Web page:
Comparing his hotel properties in India with the ones that he has in Europe, a CEO of a global hospitality chain was surprised that a “small Indian wedding” would have no less than 600 guests. “We realise weddings are a big source of revenue for us, so we have large banqueting halls in our Indian properties, which you cannot find elsewhere,” he pointed out. In France, a wedding is attended by not more than 15-20 people, he said, adding, “Six hundred people could well be a protest against the President!”
For Mr R. Sri Kumar, Vigilance Commissioner, Chief Vigilance Commission, personal banking was at its best in the sixties. As a student at IIT Madras, he stayed in hostel. In a hurry to catch the train to his hometown Lucknow one evening, he went to his Indian Overseas Bank branch. As it was closing hour, the security person at the entrance asked him to return the next day. Mr Sri Kumar, naturally, protested loudly.
Listening to this, the bank manager came out. After he narrated his plight and the need to catch a train just a few hours later, the manager asked Kumar how much he needed. Taking Mr Sri Kumar’s signature on a piece of paper, the ‘agent’ gave him the amount required from his own pocket. “That was ‘personalised’ banking at its best,” said Mr Sri Kumar, speaking at a function organised by Corporation Bank Officers’ Organisation.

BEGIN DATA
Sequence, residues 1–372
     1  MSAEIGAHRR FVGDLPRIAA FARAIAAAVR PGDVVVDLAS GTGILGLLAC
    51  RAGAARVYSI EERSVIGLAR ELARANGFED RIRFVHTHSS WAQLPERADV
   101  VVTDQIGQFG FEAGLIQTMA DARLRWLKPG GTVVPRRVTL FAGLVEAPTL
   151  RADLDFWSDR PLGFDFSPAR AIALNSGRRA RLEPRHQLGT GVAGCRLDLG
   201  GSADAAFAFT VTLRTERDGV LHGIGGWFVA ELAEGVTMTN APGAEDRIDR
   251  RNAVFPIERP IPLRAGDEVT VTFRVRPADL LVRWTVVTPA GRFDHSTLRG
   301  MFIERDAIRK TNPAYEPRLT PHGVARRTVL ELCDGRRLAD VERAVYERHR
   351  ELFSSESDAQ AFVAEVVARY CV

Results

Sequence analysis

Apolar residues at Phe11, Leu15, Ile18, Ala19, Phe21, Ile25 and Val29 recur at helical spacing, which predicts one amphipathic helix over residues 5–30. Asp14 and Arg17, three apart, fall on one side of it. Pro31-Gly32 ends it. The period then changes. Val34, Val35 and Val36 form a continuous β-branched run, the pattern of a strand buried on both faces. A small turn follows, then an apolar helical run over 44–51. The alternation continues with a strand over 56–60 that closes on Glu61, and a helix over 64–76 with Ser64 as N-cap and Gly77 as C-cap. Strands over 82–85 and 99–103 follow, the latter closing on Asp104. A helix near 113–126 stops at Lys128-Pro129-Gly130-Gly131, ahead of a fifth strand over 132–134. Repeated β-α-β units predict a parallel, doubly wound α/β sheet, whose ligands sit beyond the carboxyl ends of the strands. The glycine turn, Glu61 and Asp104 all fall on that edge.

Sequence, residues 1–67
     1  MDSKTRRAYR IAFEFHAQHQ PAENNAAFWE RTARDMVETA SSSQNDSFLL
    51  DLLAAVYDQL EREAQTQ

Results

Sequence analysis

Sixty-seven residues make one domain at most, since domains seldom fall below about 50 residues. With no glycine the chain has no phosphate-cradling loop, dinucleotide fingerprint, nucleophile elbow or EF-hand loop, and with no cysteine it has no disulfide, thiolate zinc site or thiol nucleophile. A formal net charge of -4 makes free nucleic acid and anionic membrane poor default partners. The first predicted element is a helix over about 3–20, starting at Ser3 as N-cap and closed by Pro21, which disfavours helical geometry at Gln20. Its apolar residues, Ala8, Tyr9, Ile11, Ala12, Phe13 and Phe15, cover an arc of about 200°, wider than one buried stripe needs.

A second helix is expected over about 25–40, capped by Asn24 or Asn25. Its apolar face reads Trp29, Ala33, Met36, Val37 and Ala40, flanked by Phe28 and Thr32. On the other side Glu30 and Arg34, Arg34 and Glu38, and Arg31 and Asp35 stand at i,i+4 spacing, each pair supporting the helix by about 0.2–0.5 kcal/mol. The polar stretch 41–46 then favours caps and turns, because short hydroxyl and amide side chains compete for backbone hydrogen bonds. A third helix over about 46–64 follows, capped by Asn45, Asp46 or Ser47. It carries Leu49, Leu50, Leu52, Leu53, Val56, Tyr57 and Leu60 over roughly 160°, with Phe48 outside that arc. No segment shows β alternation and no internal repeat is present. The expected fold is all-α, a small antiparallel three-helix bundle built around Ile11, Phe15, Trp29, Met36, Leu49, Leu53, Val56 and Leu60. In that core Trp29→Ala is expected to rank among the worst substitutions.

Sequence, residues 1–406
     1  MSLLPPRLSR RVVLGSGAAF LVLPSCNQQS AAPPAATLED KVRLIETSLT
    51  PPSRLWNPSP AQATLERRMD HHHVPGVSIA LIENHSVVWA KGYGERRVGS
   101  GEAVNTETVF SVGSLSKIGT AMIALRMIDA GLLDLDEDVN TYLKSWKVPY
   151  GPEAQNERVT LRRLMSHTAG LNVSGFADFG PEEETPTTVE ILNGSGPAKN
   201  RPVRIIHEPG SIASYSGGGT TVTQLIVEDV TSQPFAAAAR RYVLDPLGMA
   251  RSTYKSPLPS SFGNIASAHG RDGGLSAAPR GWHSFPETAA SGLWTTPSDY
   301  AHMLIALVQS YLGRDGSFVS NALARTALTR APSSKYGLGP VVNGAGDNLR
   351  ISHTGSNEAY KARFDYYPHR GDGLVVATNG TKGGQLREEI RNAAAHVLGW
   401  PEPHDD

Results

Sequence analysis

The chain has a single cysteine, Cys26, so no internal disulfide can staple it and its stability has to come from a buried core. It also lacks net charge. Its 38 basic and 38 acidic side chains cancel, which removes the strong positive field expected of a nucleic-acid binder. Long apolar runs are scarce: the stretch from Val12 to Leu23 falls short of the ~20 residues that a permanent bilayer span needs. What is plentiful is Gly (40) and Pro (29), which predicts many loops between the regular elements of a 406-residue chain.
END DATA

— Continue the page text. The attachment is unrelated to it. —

Shouldn’t industrialists be more circumspect while speaking at public forums? A Mumbai-based industrialist took the opportunity of a weekend conference in Mumbai to praise the Finance Minister ad nauseam. From hoping that Mr Pranab Mukherjee becomes the next Prime Minister, to expressing the urge to fall at his feet, the gentleman left no stone unturned to impress the FM. The audience, however, wasn’t impressed. They felt that the speech reeked of a hidden agenda. The gentleman would do well to call for a recording of his speech and review it dispassionately. Why this kolaveri (fixation) di?
Batting for Tendulkar
The Union Minister for Rural Development, Mr Jairam Ramesh, took a dig at MPs and people who were criticising the Tendulkar Committee report on the poverty line. Commenting on the criticism of the methodology adopted by the Tendulkar Committee to arrive at poverty numbers, he said in lighter vein, “Most of the people criticising the (Tendulkar) report may have thought it was Sachin Tendulkar. They may be unaware of Suresh Tendulkar.”
(Contributed by C. Anjana, A. J. Vinayak, Ram Kumar and Amit Mitra.)